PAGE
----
Select mentors to fill your strength gaps:
If your strength is technology, perhaps you need a business mentor. Friends, family and subordinates are not good candidates. It’s plausible to have more than one, but not likely that you have the bandwidth for more than two. Mentors tell you what you need to hear, while friends tell you what you want to hear.
Look for street smarts rather than book smarts:
Anyone with knowledge can help you, but real-world experience is usually the best teacher. Age is irrelevant, but, normally, experienced retired executives have more time and interest in helping new, aspiring entrepreneurs. Busy top current executives may be interested but not available.
Take your time to build a personal relationship:
Good chemistry is a key to a productive mentor-mentee relationship. Initial mentor exchanges should be face-to-face, rather than by email, texting or phone only. Full communication is critical, including body language and context, to build the trust and credibility required for maximum value.
Look for someone with a legacy of business success:
A renowned college professor or a brilliant psychologist may seem like a good prospective mentor, but these people can’t offer you the pragmatic advice and guidance you will need as an entrepreneur. Think about what you personally want to achieve in business, and look for someone who has already achieved it.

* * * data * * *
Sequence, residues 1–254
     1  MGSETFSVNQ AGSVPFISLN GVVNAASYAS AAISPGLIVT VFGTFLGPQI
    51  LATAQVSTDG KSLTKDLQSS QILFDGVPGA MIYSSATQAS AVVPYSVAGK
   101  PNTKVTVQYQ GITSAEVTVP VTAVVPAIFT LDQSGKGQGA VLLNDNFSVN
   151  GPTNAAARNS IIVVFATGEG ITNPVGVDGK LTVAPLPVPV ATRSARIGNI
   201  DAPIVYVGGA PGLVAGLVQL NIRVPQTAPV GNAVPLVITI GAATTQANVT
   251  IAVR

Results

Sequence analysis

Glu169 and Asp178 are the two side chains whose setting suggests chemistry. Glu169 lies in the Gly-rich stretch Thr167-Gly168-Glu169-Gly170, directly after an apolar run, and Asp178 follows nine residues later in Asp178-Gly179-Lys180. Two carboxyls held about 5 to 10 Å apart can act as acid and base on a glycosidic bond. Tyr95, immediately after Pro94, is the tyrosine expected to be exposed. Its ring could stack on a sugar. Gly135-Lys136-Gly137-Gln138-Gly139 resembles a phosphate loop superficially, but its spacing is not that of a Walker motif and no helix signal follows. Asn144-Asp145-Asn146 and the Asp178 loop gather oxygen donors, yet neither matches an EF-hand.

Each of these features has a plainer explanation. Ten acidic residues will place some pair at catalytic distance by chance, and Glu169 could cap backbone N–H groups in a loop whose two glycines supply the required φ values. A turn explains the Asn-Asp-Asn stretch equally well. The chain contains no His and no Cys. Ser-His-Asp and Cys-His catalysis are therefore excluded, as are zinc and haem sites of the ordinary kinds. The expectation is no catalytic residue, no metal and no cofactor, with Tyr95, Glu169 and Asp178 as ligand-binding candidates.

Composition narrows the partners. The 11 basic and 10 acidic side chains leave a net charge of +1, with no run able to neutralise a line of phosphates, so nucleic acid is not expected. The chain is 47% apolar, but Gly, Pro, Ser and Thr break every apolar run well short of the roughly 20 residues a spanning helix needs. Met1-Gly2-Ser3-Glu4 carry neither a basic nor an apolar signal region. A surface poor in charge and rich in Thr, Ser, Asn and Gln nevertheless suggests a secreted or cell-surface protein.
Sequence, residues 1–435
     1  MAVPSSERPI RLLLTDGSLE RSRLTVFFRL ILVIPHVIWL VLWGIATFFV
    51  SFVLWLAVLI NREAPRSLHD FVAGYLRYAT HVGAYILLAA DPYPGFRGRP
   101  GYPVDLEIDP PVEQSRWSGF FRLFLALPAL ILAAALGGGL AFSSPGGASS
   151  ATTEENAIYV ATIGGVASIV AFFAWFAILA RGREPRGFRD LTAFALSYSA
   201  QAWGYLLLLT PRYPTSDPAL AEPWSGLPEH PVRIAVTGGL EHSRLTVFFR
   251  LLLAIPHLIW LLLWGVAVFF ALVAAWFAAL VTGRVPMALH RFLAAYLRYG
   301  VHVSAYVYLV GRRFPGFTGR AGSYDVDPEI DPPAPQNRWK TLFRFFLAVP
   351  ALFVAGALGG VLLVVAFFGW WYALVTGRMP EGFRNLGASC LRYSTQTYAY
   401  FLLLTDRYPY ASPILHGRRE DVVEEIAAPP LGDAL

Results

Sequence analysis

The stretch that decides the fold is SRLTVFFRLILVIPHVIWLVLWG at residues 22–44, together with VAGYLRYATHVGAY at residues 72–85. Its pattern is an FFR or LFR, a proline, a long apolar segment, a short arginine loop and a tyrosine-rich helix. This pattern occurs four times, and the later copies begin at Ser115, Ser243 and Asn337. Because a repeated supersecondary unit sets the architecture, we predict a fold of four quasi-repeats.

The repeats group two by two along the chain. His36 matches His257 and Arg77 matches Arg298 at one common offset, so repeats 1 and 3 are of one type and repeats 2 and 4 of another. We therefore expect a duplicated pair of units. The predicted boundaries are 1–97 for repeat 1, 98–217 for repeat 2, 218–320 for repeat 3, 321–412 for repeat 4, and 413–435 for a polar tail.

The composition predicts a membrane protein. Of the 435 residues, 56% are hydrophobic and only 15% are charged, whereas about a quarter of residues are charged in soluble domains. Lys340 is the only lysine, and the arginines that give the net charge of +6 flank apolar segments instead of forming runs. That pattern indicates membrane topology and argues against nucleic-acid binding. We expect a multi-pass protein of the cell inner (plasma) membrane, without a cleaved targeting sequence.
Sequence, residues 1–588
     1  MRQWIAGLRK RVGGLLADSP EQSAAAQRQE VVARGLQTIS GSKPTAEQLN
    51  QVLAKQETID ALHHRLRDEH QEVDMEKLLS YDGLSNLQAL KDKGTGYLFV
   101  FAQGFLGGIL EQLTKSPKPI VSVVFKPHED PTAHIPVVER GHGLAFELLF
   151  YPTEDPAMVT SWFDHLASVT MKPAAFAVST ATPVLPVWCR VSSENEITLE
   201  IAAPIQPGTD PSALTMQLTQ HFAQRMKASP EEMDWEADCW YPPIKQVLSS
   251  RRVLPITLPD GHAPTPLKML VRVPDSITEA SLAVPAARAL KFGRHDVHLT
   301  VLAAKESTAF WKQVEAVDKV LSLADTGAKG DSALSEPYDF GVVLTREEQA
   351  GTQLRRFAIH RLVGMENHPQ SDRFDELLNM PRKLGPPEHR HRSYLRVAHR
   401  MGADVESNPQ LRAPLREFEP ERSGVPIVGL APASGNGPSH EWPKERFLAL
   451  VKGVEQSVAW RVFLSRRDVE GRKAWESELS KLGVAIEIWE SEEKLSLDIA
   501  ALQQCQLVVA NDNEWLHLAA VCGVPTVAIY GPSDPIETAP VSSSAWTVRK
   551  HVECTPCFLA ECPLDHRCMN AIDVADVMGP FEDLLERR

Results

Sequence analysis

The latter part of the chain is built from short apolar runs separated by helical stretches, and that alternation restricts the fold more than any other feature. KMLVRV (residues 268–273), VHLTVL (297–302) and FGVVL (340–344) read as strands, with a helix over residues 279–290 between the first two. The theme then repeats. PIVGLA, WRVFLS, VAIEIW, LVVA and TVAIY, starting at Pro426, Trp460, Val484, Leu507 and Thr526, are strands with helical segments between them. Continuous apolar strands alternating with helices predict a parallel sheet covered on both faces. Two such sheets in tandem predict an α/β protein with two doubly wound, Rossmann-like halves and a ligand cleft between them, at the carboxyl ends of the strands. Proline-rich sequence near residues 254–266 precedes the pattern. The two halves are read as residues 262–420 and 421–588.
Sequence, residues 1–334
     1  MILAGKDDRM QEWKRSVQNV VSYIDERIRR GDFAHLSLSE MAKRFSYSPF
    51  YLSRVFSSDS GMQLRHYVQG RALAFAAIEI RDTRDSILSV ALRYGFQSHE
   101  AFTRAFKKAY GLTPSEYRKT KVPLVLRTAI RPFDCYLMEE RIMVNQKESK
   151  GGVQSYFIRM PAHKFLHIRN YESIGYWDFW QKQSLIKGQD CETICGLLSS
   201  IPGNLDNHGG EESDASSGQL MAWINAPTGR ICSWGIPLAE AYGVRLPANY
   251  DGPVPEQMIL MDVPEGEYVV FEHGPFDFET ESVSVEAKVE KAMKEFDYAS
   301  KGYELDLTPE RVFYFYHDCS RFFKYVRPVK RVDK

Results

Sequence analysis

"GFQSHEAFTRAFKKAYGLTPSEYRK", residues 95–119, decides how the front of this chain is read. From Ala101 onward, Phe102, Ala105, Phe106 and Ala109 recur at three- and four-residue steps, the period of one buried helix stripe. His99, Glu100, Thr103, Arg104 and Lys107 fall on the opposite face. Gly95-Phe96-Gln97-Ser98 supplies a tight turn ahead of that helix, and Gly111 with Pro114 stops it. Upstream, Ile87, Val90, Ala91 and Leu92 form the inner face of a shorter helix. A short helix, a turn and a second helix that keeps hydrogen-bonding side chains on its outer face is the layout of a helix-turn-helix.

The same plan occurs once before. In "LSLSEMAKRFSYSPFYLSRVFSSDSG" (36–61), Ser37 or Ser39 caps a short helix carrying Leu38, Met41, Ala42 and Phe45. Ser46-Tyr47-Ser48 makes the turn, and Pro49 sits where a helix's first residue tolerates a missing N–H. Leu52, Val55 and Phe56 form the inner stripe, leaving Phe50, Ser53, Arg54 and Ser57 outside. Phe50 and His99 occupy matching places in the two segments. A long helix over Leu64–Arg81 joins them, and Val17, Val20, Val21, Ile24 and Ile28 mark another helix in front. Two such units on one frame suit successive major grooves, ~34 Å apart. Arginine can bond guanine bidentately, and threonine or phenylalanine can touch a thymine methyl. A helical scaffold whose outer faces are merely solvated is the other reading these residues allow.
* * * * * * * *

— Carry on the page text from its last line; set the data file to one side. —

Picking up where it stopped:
Find a mentor who is willing to learn as well as advise:
The healthiest and most sustainable mentor-mentee relationships are ones where each party adds value to the other’s life. Both people need to be genuinely interested in the other, and willing to share elements of their private lives as well as their business strategies.
Look for someone who has personal characteristics you admire:
If you are shy and introverted, for example, seek out someone who is an extrovert. Good mentoring is not limited to words and advice. Style and body language can be just as motivating and instructive. Observing habits that instill trust and credibility is a learning opportunity.
Develop and share your vision of what success means to you:
Choose a mentor who can relate to your own, personal vision. Some entrepreneurs want to be financially independent and others want to change the world, while others see “success” as a balanced family life. The best mentor must understand that equation, and align his or her advice with your objectives.